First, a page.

Tuesday, October 27, 2009
Friday, October 23, 2009
DISH diagnostic criteria include the following : Flowing calcifications and ossifications along the anterolateral aspect of at least 4 contiguous vertebral bodies, with or without osteophytes. Preservation of disk height in the involved areas and an absence of excessive disk disease. Absence of bony ankylosis of facet joints and absence of sacroiliac erosion, sclerosis, or bony fusion, although narrowing and sclerosis of facet joints are acceptable.
Lower thoracic spine involvement is typical of DISH, but the lumbar and cervical spine also can be affected. The left side of the spine typically is spared or less involved, which probably is attributable to the pulsating aorta.
Wednesday, October 21, 2009
Monday, October 19, 2009
Friday, October 16, 2009
Optic nerve glioma (also known as optic pathway glioma) is the most common primary neoplasm of the optic nerve. In 66% of NF-1 patients with optic nerve glioma, the growth involves the intraorbital optic nerve. In the absence of NF-1, the optic chiasm is most commonly involved, as is, less often, the intraorbital optic nerve. Optic nerve glioma may involve various portions of the retrobulbar visual pathway, including the optic nerve, chiasm, tracts, and radiations. Malignant lesions can invade the hypothalamus, basal ganglia, and internal capsule directly, or they may spread to the leptomeninges or subpial surfaces. On T1-weighted images, optic nerve gliomas are usually isointense to the cortex and hypointense to white matter. Invariably, the lesions are hypointense to orbital fat. On T2-weighted images, lesions demonstrate a mixed appearance that is isointense to hyperintense relative to white matter and the cortex. Following contrast administration, intense enhancement is common.
Wednesday, October 14, 2009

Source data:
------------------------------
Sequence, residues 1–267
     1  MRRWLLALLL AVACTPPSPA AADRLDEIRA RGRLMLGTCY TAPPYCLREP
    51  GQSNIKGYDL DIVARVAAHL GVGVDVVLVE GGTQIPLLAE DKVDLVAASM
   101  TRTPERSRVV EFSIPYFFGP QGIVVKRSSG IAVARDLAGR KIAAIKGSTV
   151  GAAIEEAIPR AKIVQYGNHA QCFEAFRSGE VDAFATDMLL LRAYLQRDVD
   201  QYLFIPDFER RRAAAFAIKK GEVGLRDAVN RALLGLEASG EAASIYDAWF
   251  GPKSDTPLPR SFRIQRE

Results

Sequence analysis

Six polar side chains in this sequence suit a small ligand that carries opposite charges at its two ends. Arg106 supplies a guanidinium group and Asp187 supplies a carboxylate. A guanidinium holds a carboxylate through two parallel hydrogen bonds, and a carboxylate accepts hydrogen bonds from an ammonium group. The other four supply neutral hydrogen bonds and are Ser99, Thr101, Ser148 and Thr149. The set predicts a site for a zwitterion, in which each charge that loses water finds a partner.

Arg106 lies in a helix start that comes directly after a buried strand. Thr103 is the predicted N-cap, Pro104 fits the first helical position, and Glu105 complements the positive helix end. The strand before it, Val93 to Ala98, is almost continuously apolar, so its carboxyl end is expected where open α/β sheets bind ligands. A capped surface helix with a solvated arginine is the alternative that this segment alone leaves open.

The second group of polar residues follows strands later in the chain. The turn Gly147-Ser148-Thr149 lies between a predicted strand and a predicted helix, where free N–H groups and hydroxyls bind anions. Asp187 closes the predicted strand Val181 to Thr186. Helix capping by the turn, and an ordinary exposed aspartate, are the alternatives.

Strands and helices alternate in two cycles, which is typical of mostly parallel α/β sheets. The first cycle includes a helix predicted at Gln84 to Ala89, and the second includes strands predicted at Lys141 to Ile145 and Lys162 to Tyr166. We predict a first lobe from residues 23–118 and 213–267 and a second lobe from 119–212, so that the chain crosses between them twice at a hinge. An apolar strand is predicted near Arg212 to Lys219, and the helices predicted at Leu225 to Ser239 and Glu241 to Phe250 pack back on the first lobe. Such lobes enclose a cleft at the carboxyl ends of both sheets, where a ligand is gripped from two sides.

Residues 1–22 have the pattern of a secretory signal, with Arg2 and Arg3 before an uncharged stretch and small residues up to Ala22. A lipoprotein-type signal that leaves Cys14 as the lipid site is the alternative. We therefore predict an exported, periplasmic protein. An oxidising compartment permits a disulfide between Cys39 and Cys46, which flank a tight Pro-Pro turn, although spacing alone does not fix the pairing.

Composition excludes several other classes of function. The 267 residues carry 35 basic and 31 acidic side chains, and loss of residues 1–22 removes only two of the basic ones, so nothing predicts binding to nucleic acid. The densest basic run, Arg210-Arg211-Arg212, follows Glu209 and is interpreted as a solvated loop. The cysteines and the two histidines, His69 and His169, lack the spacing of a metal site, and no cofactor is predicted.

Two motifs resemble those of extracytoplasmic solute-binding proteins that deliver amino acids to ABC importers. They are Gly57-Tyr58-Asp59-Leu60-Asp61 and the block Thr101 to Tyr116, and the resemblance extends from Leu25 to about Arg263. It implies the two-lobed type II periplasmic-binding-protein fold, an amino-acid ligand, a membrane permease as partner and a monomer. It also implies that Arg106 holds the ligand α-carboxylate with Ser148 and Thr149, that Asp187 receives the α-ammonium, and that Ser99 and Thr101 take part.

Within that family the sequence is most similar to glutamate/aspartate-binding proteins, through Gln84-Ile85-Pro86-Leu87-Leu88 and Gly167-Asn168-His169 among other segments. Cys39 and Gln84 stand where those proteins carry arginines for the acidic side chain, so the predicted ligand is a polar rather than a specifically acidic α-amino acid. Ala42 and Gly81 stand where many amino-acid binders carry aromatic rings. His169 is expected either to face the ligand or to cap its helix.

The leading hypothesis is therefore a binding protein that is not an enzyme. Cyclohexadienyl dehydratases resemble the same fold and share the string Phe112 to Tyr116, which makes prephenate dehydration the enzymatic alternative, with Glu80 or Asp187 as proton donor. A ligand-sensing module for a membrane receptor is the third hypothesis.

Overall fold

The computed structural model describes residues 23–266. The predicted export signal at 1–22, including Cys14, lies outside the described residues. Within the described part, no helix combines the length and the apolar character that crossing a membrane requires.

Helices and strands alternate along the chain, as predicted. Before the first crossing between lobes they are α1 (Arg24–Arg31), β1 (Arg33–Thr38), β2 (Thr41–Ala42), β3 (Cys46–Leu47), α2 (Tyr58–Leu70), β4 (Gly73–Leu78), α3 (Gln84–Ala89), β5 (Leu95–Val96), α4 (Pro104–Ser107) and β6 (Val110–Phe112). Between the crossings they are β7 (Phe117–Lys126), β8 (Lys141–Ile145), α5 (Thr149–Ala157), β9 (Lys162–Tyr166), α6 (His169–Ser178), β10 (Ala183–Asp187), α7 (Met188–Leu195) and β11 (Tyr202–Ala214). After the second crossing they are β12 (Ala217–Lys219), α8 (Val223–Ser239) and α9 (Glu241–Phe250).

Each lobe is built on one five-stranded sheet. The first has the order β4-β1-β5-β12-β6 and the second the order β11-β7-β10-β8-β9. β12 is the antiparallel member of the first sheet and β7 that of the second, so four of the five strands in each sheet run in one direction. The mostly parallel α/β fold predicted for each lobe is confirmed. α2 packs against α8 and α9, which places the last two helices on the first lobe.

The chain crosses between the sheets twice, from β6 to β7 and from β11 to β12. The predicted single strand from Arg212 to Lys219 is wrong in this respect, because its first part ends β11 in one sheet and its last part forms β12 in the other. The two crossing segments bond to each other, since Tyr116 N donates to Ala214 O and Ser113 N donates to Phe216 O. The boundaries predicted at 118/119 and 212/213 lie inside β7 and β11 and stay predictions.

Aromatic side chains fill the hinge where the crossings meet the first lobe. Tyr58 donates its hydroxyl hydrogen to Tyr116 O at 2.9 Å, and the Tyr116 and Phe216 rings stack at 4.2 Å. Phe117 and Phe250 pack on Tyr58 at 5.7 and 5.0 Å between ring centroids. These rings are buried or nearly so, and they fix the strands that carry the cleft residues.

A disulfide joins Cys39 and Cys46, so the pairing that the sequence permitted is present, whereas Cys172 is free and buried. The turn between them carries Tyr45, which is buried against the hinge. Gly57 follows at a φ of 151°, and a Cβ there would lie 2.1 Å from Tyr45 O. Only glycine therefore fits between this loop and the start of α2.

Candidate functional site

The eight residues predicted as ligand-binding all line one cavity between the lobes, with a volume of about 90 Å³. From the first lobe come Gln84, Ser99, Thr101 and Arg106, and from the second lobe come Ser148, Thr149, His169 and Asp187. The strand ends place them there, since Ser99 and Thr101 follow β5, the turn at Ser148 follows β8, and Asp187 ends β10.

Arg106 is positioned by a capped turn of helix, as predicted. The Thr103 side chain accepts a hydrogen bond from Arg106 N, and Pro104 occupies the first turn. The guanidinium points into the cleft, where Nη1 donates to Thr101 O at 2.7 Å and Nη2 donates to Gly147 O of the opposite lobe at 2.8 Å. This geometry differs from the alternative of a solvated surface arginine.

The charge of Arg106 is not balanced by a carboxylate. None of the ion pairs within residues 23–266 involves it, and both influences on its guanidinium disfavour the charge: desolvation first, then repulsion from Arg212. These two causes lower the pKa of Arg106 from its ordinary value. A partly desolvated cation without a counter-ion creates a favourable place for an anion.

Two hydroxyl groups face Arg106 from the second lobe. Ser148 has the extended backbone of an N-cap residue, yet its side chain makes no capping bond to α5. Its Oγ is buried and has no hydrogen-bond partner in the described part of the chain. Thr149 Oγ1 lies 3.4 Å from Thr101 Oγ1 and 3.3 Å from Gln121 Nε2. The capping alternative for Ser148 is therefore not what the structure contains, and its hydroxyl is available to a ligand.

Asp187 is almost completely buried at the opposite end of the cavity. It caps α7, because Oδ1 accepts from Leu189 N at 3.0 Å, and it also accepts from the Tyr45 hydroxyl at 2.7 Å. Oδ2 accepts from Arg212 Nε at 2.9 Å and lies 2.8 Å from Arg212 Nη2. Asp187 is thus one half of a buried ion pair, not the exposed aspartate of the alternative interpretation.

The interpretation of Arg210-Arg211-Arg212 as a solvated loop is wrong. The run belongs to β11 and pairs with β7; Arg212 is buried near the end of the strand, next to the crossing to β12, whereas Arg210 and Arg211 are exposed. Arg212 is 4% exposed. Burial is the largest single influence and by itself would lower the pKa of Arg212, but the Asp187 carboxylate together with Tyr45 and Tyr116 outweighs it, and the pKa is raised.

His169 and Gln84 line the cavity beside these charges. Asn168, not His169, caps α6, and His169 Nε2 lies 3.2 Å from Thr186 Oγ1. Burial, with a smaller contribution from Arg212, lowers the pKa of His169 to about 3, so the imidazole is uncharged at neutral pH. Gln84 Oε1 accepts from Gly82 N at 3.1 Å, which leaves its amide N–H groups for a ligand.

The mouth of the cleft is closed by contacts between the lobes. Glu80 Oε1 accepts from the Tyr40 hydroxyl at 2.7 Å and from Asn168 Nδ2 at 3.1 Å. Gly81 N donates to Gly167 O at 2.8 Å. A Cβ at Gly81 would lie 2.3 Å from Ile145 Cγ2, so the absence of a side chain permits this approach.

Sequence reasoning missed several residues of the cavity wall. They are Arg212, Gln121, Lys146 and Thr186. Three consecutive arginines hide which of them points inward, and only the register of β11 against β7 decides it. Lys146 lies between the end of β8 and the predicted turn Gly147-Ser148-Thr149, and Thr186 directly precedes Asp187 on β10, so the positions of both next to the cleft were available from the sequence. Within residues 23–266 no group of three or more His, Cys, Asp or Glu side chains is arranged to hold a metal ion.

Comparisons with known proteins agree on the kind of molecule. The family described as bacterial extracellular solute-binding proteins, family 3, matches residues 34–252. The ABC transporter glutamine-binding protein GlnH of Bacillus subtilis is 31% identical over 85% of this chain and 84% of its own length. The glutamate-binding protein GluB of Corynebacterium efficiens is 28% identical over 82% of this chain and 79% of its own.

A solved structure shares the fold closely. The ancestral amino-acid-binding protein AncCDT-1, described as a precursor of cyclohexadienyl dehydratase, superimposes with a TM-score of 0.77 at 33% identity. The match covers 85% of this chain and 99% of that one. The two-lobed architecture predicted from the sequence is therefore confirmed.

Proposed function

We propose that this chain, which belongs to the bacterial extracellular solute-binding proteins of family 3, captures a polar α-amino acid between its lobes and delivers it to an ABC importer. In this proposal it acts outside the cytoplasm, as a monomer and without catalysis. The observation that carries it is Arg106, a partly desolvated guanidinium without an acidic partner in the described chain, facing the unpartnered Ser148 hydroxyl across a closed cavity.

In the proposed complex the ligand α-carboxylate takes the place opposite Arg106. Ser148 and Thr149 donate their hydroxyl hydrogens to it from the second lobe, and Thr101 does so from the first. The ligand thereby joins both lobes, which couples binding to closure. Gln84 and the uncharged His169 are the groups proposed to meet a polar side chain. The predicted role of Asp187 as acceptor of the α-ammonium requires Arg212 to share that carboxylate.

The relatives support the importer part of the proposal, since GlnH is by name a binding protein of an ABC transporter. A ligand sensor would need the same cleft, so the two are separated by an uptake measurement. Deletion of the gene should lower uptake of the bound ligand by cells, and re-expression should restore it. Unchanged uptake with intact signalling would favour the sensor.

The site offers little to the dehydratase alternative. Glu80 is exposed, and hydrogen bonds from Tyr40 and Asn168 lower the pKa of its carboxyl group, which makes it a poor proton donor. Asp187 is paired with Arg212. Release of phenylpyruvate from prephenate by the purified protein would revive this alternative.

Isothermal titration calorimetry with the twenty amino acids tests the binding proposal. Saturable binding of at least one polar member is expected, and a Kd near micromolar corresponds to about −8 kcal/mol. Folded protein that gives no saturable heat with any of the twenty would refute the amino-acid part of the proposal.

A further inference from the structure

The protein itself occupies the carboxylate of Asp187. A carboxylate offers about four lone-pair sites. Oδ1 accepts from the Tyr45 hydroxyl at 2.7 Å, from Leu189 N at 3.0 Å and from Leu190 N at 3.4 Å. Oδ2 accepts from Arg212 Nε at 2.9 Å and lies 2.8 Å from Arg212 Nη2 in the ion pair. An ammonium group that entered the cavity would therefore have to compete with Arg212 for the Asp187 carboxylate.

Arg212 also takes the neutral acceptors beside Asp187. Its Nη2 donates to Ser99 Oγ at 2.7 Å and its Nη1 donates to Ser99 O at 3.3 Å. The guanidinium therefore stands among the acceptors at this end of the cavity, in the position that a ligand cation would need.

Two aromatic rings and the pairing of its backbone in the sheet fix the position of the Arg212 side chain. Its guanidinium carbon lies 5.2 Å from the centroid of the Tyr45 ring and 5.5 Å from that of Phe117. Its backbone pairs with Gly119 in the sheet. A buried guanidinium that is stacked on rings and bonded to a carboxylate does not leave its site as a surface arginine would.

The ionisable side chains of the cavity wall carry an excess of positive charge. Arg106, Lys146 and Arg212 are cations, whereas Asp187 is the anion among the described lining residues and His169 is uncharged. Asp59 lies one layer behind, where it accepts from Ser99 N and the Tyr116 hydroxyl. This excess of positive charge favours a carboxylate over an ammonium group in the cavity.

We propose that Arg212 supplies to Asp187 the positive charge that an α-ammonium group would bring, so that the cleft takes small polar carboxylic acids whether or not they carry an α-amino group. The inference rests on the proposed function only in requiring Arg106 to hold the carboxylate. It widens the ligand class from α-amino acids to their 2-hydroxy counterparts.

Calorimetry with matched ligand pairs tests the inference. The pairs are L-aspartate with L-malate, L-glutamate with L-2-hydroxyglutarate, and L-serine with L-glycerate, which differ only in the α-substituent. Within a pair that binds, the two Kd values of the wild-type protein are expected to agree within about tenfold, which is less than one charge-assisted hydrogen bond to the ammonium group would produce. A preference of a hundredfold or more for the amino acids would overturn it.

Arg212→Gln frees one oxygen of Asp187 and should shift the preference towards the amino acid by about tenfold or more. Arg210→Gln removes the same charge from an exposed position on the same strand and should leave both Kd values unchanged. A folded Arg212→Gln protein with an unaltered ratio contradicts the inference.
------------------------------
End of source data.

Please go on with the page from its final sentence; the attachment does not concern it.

- Type I is injury more than 2 cm distal to biliary bifurcation.
- Type II is less than 2 cm from biliary confluence.
- Type III injury involves entire common hepatic duct and leaves confluence intact.
- Type IV is complete or partial destruction of biliary bifurcation.
Tuesday, October 13, 2009
Friday, October 09, 2009
Thursday, October 08, 2009
Epidermoids represent 0.2-1% of all intracranial masses. They arise from inclusion of epithelial remnants trapped during 3-5 weeks of fetal life (remember that choroid plexus are also formed from invagination of ectodermal tissues).
Intraventricular epidermoids are more in 4th ventricle followed by lateral ventricles.
More common in middle age; very rare in children
If ruptured, aseptic meningitis occurs.
Long T1 and T2 are due to keratin in solid crystalline state. Epidermoids have restricted ADC and complex FLAIR signal, unlike arachnoid cysts.
An expansive intraventricular lesion in lateral ventricle, iso-intense on T1-weighted image and hypo-intense on T2-weighted image with few cystic areas, demonstrating restricted diffusion suggestive of INTRAVENTRICULAR EPIDERMOID. Differential diagnosis includes Intraventricular Neurocytoma and Oligodendrogliomas but calcification is hallmark for their diagnosis. Case by- Teleradiology Providers
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